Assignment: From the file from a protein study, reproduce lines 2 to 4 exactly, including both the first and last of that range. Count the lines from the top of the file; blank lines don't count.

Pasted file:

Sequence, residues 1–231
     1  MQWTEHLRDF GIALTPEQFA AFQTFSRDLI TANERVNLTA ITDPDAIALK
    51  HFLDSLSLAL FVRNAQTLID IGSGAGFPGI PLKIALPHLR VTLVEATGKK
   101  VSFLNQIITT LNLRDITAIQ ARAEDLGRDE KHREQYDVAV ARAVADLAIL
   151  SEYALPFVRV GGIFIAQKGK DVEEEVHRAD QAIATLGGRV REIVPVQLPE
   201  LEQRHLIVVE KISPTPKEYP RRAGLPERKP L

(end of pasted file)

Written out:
     1  MQWTEHLRDF GIALTPEQFA AFQTFSRDLI TANERVNLTA ITDPDAIALK
    51  HFLDSLSLAL FVRNAQTLID IGSGAGFPGI PLKIALPHLR VTLVEATGKK
   101  VSFLNQIITT LNLRDITAIQ ARAEDLGRDE KHREQYDVAV ARAVADLAIL